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How I Survived Culture Shock in England

I still remember how I struggled with Culture Shock in England when I relocated several years ago. It was tough for the first few months, but then I got over it. I had to anyway. Prior to my moving to England finally, I had been visiting on a yearly basis so I was familiar with the country and its culture to a certain extent. But visiting a country regularly and relocating fully are 2 very different things, as I came to understand. Culture shock affects everyone in different ways. It does not matter whether they don’t travel often or they are regular travellers.

 

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I relocated finally to England in 2008. There was a master degree I had interest in at the University of the West of England (UWE) in Bristol, and so I enrolled. Which is how I got here. Bristol is an amazing city. I had a lovely time studying there, and I really do miss the city. This year marks my tenth anniversary as a UK resident, which is why I felt the need to write this post.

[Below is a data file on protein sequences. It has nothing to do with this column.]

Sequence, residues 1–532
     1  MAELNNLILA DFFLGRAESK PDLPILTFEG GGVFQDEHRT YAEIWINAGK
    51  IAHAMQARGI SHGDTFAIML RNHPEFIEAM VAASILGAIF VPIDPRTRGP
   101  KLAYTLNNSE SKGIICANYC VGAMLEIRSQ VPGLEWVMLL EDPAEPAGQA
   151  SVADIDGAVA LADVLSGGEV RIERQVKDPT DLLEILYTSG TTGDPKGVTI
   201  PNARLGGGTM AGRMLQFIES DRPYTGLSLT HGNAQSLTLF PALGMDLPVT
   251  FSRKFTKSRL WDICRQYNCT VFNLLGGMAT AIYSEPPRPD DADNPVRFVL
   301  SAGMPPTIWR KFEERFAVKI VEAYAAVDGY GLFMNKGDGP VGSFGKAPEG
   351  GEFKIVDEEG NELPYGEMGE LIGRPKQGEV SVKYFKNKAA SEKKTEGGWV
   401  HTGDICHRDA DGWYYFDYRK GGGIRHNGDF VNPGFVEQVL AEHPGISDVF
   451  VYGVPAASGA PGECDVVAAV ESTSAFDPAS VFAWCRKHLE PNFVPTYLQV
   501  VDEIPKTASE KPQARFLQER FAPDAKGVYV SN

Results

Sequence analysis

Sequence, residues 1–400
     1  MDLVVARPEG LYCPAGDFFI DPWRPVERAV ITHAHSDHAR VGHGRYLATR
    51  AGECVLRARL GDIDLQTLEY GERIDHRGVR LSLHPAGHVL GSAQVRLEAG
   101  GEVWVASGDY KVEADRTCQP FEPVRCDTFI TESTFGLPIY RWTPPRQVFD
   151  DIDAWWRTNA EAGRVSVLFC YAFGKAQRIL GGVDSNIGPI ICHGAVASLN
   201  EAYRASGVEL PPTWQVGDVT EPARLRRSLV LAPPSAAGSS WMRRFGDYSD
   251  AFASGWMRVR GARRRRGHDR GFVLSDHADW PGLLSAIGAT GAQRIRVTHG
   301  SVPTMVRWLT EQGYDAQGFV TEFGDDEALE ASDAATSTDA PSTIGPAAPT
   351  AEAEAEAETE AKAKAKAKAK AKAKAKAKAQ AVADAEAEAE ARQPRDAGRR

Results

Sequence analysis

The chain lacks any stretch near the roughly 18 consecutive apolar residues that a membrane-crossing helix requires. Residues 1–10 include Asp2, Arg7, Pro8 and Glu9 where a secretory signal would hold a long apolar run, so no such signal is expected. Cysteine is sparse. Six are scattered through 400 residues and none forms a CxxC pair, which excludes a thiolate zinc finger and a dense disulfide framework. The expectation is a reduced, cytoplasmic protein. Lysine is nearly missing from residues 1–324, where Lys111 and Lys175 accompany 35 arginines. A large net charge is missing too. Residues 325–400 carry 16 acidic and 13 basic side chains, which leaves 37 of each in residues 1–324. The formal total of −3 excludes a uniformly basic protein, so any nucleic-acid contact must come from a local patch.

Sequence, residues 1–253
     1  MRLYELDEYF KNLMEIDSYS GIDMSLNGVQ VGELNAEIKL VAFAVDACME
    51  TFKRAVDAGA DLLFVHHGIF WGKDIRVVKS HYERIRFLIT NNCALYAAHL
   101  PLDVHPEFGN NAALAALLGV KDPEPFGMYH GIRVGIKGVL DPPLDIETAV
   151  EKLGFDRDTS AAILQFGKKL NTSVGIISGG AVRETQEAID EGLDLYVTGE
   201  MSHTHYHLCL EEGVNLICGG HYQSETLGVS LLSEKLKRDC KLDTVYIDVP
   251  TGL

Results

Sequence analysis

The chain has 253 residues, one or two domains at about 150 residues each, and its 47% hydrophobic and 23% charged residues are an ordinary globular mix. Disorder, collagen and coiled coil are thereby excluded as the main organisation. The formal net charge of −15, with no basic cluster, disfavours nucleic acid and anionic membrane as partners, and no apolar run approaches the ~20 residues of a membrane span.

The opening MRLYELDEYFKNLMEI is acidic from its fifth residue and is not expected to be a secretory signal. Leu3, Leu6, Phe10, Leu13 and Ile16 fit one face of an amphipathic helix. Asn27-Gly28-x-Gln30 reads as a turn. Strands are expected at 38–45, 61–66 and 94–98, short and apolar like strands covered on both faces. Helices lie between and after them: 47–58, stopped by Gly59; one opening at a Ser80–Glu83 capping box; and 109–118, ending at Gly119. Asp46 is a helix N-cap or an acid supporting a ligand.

Culture shock was a module I studied in Bristol Business School. Many people are unaware of how different cultures are, and how tricky it can be to embrace a different culture. If you have ever had to relocate, then you would know all about how hard it can be to try to make a life in a different country, as you most likely would have experienced it first-hand.

 

How to Survive Culture Shock in England

Here are a few ways I survived the culture shock in England.

 

Have a good sense of humour

Luckily, I was born with a sense of humour so I didn’t struggle too much with this. I know how to have a good laugh at myself and situations. This trait helped me get over issues quickly and helped me pursue my interests. Taking yourself too seriously in a country like England may not be a wise thing.

 

Embrace the web

One regret I would always have is not starting my blog earlier. I could have started this blog easily in 2008 when I relocated. There was a reliable internet connection. I had no social life and very few friends. And I was bored to death half the time in my student house. I spent most of my free time online doing nothing meaningful. My evenings were usually spent with me on my laptop, checking out cheapest online shopping sitesStarting Fashion and Style Police then would have been a smart way to utilise my time.

 

 

UK Blogger Image

 

Fall in love with Tea

I was not a big tea drinker prior to my move to the UK. Coming from a much warmer climate meant it was more chilled drinks for me. But first thing  I noticed about the Brits is how much they love their tea. I am still not a big tea drinker. I prefer a good cup of coffee/cappuccino. But I have fallen in love with tea a bit more since my relocation.